Dawkins appropriately offered fever as a wonderful example of our failure to take into account the response of the organism, but his assessment wasn’t based on an evolutionary paradigm, but rather the result of design detection.
If we approach nature from a design perspective, then every phenomenon we encounter will be taken seriously. If, however, we assume that we dance to the tune of our genes then everything we don’t understand will be considered white noise. Neo-Darwinian evolutionary theory has been an impediment to scientific progress and it is only when we embrace design that the response of both the pathogen and patient become medically meaningful.
Baked in Morality
In describing his faith journey, Collins noted that his acceptance of evolutionary science was largely settled prior to his conversion. It wasn’t the questions that science could answer that spoke to him of God but questions it couldn’t answer. He was especially moved by the moral argument popularly presented by C.S. Lewis. For Collins, the question of where we get our morals was of supreme importance in his faith journey.
“I encountered a total sense of unease and dissatisfaction at stopping at the deist version of God because of this issue of good and evil and where does that come from and how do we put that into the equation of who we are and who God might be.” (Collins)
Collins considers morality to be a top-down phenomenon introduced by God into humans after millions of years of evolution. However, I find it interesting that many of the moral issues we face today are intimately connected to the natural world such as global warming, species extinction, and pollution. I believe this ecological moral mandate is better explained by a God who declared each aspect of creation to be “good” and the ecological whole “very good.”
Morality, it appears, was embedded into the universe. I have a hard time believing that at some later date a morally deficient hominid was handed a moral compass to find his or her true ethical north. Morality wasn’t the ethical frosting on the human cake but was baked into creation from the beginning. It is the “very good” design that we detect in the world around us that gives us ethics and not just a moral burning in the bosom.
Dawkins acknowledges the reality of morality, of good and evil, and in fact made it the basis for one of his more famous statements about God’s character.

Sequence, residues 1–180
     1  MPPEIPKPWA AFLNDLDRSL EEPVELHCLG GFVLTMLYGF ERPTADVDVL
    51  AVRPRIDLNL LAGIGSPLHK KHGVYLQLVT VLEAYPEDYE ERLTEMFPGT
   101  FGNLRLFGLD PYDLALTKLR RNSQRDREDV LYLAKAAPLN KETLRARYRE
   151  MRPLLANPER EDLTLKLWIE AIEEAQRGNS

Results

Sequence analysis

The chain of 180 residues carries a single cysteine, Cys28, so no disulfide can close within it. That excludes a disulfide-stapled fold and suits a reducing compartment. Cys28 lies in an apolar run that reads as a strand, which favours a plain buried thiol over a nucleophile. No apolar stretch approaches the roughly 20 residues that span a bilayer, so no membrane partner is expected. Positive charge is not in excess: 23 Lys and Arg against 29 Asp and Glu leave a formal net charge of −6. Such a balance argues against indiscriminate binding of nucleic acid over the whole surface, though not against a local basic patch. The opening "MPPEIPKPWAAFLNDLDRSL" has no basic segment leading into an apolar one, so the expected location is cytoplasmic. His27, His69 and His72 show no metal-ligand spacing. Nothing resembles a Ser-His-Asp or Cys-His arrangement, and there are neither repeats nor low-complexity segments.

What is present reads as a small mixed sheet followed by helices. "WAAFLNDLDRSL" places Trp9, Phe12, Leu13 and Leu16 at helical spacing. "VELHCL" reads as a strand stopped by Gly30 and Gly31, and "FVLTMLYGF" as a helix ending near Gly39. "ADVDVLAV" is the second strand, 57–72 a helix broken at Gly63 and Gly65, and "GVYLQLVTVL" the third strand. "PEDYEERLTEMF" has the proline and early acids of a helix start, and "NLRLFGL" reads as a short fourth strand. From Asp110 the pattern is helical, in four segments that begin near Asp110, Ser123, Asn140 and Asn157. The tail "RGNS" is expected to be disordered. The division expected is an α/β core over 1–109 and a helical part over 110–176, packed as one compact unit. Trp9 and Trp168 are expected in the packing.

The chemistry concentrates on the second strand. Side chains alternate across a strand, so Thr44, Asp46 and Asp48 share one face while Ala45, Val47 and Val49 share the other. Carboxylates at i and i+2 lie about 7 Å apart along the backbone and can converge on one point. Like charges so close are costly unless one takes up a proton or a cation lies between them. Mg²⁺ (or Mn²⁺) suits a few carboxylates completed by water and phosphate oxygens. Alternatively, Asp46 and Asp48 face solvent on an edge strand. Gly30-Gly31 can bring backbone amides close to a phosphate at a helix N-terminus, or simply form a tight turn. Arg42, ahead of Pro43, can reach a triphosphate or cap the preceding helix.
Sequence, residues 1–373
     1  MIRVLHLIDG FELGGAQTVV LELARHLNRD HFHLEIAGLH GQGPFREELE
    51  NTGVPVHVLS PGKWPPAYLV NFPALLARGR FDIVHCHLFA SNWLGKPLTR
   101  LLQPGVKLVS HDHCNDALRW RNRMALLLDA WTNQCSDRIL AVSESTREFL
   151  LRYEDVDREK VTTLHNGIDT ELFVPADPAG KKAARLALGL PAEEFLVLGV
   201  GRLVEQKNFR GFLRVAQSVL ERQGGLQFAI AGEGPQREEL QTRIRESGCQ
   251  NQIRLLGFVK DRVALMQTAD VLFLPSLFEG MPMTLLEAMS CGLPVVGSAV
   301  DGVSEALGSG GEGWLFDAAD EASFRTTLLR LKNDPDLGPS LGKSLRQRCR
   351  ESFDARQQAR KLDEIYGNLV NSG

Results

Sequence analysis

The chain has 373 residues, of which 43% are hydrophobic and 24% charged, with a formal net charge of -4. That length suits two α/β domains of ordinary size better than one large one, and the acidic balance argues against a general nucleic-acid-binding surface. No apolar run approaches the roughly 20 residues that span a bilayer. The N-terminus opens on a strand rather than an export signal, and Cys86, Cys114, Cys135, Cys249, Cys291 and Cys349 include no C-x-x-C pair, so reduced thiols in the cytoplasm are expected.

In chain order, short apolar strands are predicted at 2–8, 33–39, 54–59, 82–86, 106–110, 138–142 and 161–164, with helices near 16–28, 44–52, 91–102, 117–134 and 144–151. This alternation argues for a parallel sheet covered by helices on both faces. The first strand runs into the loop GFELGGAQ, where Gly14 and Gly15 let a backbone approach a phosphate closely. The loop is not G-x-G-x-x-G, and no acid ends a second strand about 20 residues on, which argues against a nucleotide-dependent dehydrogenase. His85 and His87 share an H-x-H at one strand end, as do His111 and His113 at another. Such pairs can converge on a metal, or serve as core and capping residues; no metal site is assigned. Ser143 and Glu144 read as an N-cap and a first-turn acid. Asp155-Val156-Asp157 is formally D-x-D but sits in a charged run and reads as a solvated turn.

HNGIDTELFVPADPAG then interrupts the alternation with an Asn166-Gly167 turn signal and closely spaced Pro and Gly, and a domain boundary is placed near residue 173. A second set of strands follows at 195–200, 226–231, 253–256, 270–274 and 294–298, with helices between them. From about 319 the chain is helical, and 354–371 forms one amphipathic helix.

“The God of the Old Testament is arguably the most unpleasant character in all fiction: jealous and proud of it; a petty, unjust, unforgiving control-freak; a vindictive, bloodthirsty ethnic cleanser; a misogynistic, homophobic, racist, infanticidal, genocidal, filicidal, pestilential, megalomaniacal, sadomasochistic, capriciously malevolent bully.” (The God Delusion)
Dawkins, however, creates a bit of problem for himself because he also is not a big fan of how the evolutionary wheel grinds away.
“Natural selection is cruel…The suffering which comes from the fact that it’s all about competition, it’s all about evading starvation, the ones that die are the ones that starve to death or are eaten by predators, consumed by disease. It’s not a benign process at all.” (Dawkins)
If Dawkins wants to hate on a Creator, then he should at least hate equally. I think it’s fair to rewrite Dawkins’s diatribe against the God of the Old Testament by replacing Him with natural selection.
The Natural Selection of evolution is arguably the most unpleasant mechanism in all science: jealous and proud of it; a petty, unjust, unforgiving control-freak; a vindictive, bloodthirsty ethnic cleanser; a misogynistic, homophobic, racist, infanticidal, genocidal, filicidal, pestilential, megalomaniacal, sadomasochistic, capriciously malevolent bully. (Authors rewording)
Evolution may make him an intellectually fulfilled atheist, but it should also make him cringe. I guess it’s just easier to hate a Person than a pathway, hate a theology than a theory. I would respect his views more if he actively worked to rid the world of its evolutionary creator rather than be its pitch man. While Collins also adheres to an evolutionary paradigm, he avoids the materialist baggage of blind pitiless indifference by acknowledging the salvific work of a visionary God who cared for us so much that He emptied Himself and sacrificially died on our behalf.
I applaud Unbelievable? for hosting such thoughtful discussions because we all grow in the process, and the pairing of Dawkins and Collins was yet again another example of the masterful way the show aims to get you thinking.
Watch the debate between Richard Dawkins and Francis Collins on The Big Conversation
Dr. Erik Strandness is a Christian apologist and former neonatal physician living in the Pacific Northwest. He is a regular blog contributor to Premier Unbelievable?